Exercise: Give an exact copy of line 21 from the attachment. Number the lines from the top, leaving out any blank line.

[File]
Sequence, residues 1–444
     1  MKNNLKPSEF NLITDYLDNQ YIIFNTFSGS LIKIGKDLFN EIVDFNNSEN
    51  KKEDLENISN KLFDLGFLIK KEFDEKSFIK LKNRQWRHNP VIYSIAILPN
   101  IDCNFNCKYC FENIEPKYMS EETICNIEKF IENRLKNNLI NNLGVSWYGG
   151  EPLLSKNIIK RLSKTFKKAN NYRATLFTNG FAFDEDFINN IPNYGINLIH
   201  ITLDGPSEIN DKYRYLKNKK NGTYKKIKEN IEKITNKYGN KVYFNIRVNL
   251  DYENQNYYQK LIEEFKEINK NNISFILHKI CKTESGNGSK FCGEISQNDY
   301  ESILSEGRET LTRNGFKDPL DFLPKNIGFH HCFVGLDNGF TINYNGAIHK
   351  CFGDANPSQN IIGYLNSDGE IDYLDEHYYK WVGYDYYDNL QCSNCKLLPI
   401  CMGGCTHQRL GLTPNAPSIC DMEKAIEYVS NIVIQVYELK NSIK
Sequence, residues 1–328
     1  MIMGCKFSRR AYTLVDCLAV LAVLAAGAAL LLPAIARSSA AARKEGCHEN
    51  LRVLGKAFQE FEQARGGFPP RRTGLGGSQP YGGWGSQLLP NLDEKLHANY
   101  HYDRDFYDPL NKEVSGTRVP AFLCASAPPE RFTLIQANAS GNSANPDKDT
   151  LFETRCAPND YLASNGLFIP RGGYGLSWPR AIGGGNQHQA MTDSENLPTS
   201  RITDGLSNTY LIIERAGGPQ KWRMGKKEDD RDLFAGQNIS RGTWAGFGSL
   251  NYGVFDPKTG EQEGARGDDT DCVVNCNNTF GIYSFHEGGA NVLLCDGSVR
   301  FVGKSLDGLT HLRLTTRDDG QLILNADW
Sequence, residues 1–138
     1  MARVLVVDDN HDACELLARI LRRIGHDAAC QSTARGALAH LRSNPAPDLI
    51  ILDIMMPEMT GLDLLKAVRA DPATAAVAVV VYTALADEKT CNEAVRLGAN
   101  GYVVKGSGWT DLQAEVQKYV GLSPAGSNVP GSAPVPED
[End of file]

    51  ILDIMMPEMT GLDLLKAVRA DPATAAVAVV VYTALADEKT CNEAVRLGAN